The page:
No repeat of 1914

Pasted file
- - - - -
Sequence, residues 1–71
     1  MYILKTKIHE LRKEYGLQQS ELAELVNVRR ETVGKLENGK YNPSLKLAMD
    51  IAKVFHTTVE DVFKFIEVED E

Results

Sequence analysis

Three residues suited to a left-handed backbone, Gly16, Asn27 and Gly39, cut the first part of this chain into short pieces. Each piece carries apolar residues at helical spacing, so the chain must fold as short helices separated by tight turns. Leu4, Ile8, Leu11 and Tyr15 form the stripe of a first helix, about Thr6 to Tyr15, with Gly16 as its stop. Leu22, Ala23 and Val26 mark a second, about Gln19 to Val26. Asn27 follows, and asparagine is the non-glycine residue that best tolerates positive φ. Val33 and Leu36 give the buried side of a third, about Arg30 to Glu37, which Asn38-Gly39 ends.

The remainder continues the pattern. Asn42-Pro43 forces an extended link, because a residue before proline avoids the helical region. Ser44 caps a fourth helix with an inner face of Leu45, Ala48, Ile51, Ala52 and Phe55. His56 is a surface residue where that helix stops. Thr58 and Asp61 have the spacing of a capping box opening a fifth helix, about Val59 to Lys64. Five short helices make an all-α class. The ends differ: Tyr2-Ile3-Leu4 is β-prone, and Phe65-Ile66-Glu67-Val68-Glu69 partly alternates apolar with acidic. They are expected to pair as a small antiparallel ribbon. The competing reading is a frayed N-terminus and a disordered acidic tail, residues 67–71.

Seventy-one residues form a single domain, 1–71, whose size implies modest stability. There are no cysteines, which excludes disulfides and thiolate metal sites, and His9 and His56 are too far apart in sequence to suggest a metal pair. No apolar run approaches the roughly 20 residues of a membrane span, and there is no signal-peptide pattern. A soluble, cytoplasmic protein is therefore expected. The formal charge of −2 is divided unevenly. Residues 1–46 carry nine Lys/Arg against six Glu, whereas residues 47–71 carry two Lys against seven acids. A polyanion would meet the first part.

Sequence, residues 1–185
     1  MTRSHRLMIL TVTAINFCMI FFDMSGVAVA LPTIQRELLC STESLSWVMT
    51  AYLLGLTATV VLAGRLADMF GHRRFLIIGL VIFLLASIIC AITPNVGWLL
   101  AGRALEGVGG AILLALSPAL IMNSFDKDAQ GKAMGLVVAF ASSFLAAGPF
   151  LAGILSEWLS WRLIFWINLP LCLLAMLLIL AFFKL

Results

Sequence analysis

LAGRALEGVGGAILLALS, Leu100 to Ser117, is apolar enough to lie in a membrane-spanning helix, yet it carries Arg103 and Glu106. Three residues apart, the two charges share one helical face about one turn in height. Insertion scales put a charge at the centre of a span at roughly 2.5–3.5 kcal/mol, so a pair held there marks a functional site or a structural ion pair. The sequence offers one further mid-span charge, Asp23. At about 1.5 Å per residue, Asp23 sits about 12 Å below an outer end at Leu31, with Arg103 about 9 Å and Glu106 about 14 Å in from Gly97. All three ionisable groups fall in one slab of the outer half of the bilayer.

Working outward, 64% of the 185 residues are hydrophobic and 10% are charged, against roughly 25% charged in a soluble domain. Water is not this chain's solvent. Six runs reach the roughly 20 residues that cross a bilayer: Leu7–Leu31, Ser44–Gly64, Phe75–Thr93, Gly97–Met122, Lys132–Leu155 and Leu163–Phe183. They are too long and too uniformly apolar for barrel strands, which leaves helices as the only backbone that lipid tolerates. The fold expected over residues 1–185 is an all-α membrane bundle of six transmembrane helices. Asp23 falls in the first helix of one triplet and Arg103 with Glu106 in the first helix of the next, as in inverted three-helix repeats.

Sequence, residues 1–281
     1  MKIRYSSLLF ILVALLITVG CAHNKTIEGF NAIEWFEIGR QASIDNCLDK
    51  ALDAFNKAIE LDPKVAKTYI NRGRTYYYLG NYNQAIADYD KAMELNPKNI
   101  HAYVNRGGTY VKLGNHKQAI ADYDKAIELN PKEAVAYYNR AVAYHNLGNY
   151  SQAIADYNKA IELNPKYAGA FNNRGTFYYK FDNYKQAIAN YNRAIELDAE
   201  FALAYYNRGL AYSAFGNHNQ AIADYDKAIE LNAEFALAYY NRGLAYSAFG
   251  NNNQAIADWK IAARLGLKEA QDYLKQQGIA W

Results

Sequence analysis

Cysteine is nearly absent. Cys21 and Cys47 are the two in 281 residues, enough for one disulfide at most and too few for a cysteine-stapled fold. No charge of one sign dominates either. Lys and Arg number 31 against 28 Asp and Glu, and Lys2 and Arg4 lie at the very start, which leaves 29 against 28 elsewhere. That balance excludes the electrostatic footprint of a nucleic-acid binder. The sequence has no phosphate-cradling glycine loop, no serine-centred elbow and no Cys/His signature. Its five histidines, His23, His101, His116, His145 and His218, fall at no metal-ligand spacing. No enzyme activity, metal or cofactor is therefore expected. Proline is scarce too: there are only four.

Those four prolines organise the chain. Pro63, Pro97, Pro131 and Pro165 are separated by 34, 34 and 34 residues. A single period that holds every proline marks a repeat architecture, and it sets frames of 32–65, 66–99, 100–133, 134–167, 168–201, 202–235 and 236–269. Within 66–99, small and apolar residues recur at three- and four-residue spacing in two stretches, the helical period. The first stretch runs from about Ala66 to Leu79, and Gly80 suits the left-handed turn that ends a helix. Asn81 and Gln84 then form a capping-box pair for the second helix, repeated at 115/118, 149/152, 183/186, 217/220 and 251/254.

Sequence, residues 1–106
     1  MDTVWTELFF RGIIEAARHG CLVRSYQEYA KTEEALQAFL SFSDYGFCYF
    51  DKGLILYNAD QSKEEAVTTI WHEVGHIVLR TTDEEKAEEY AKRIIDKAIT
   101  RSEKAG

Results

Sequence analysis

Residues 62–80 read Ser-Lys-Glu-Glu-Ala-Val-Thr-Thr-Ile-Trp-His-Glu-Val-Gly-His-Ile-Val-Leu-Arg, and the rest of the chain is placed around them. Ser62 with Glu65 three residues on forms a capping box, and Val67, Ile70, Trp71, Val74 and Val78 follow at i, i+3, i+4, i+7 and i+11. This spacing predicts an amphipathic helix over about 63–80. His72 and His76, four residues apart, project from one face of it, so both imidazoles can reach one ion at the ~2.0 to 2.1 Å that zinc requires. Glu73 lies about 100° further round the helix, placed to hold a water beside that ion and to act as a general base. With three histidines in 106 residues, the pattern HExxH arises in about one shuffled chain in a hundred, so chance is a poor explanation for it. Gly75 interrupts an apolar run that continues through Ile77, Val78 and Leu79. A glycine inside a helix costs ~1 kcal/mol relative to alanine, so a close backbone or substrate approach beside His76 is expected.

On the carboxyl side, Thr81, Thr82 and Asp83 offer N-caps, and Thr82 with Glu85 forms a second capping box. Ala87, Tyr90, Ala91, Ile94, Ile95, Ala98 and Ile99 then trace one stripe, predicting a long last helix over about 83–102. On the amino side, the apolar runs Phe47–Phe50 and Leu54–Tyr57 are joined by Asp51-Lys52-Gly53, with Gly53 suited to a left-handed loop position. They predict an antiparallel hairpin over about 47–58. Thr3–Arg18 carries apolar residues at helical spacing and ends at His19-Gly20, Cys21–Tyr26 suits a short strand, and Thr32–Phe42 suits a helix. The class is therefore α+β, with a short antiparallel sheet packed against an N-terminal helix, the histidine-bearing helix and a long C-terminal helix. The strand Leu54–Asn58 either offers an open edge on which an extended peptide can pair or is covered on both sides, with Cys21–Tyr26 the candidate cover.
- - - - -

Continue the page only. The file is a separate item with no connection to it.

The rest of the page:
February 15 will see a huge demonstration of popular anger. No one doubts that. Between 500,000 and a million people are expected to take to the streets demanding that Britain does not go ahead with Gulf War II. The organisers are already ecstatic. Here is one of the biggest political demonstrations in the history of Britain. And, say many comrades, this is even before the war has started. We are right to celebrate the February 15 turnout. However, the happy idea that if an invasion of Iraq were to be launched - with or without a second UN resolution - the anti-war movement is somehow destined to grow and grow from a February 15 baseline is dangerous. The stakes will become higher. The government and the ruling class will redouble and redouble again the propaganda offensive. Repressive measures and new laws might be enacted. The popular mood could suddenly swing against the anti-war movement if there are large numbers of casualties. That is why revolutionary politics are not a diversion but are vital. Though there is no direct parallel with the permanent 'war on terrorism' and World War I, there are nonetheless many important lessons for today's anti-war movement. Almost everyone knew a European war was in the offing. In 1871 the Marx-Engels partnership warned of a coming conflagration and 20 million deaths. And to their credit in the decade before World War I most labour leaders in Britain, Germany and France, along with the bulk of those parties affiliated to the Second International, adopted a steadfast policy of internationalism and opposition to war. There were huge peace demonstrations, countless conferences and in 1907 the International unanimously adopted the militant resolution 'Militarism and international conflicts'. It stated that it was the duty of the working classes and their parliamentary representatives to do everything to prevent the outbreak of war. In the event of war the labour movements in the belligerent countries were to intercede to bring it to an end, using all their power to rouse the people to hasten the abolition of capitalist class rule. Put another way - fight war by fighting for revolution. The normally squabbling British affiliates to the International - the Labour Party, the Independent Labour Party, the Fabian Society and later the British Socialist Party - were all united on this one issue: the international working class must prevent the outbreak of war. In 1911 the British affiliates found themselves on the left of the International, proposing an amendment that argued: "The congress considers as particularly effective the general strike of workers, especially in the industries which supply the instruments of war (arms, munitions, transport, etc), as well as popular agitation and action in their most effective forms." Even Ramsey MacDonald, who opposed the use of a general strike for industrial or revolutionary aims, considered it appropriate in the case of "an unpopular war". There were other more conservative voices in the labour movement, but the overall view reflected the popular mood. However, a hint of the misleadership and the treachery to come was apparent at the 1912 Labour Party conference. A proposal from the International, supported by all British affiliates, asked for a report on how successful a partial or general strike in opposition to war might be. Textile workers leader Tom Shaw fiercely opposed it. He argued that such action would provoke a civil war, which was worse than national war. The Labour grandee, Arthur Henderson, agreed, but thought, as it was just a report and was thus non-committal, it might as well be unanimously agreed. Window-dressing. When war did break out, the apparently substantial international working class opposition all but vanished, swept away by a torrent of rabid jingoism. The anti-war movement collapsed to a fraction of its former self. Most labour parliamentarians and trade union leaders eagerly sought to subordinate working class interests to imperialist slaughter. Only the Russians and Serbs adhered to the policy of resistance. The British leaders had talked big for those few days before Britain declared war. On July 30 1914 the Parliamentary Labour Party voted unanimously that "on no account will this country be dragged into the European conflict". It called on "all labour organisations in the country to ... oppose, if need be, in the most effective way any action which may involve us in war". On August 1 the British affiliates of the International appealed to all other sections - in stirring class war language - to hold demonstrations in every industrial centre. But there were no concrete proposals for any "effective" action. Three days after war was declared a conference of all the leading labour movement organisations was convened, supposedly with the aim of setting up a National Labour Emergency Committee against war. Instead they created the War Emergency Workers National Committee, ostensibly with the aim of protecting workers' interests during the conflict. However, three weeks later the trade unions and Labour Party declared an industrial truce for the duration. The Labour Party also agreed an electoral truce and put the whole apparatus at the disposal of the war recruiting campaign. Opposition (in widely varying degrees) was now radically narrowed to three small groupings: the generally constitutional ILP, which was given a new lease of life and benefited from an influx of radical liberals; small pacifist groups; and the Marxist BSP, which became increasingly involved in militant rank and file industrial actions. For the ruling class and the 'patriotic' press all opposition, no matter how qualified or tame, was treason. In these circumstances the working class to begin with showed little opposition to the war, although defending hard won agreements and trade union rights was another matter. It became quickly apparent that a mere industrial truce was insufficient to secure the discipline required to guarantee war production. Until 1914 the ruling class had viewed the trade unions and the Labour Party as 'manageable nuisances' or 'necessary evils'. With the war the ruling class not only needed them, but also increasingly came to depend on them to shackle the workers to the interests of capital. At first from 1914 to 1916 strikes dipped sharply. However, from 1917 there was a substantial increase in rank and file militancy - especially where the BSP was active in the important (to the war effort) engineering and shipbuilding industries. These rank and file, unofficial initiatives were the only real opposition to the war - but only in an indirect sense, through struggles over pay and trade union rights. It was the inspiration of the revolutions in Russia in 1917 that put independent working class politics back on the agenda. Of course the circumstances of World War I are far removed from today and we cannot take the analogy very far, but there are clues to definite historical tendencies, to dangers and to the sort of political approach we need. Alan Stevens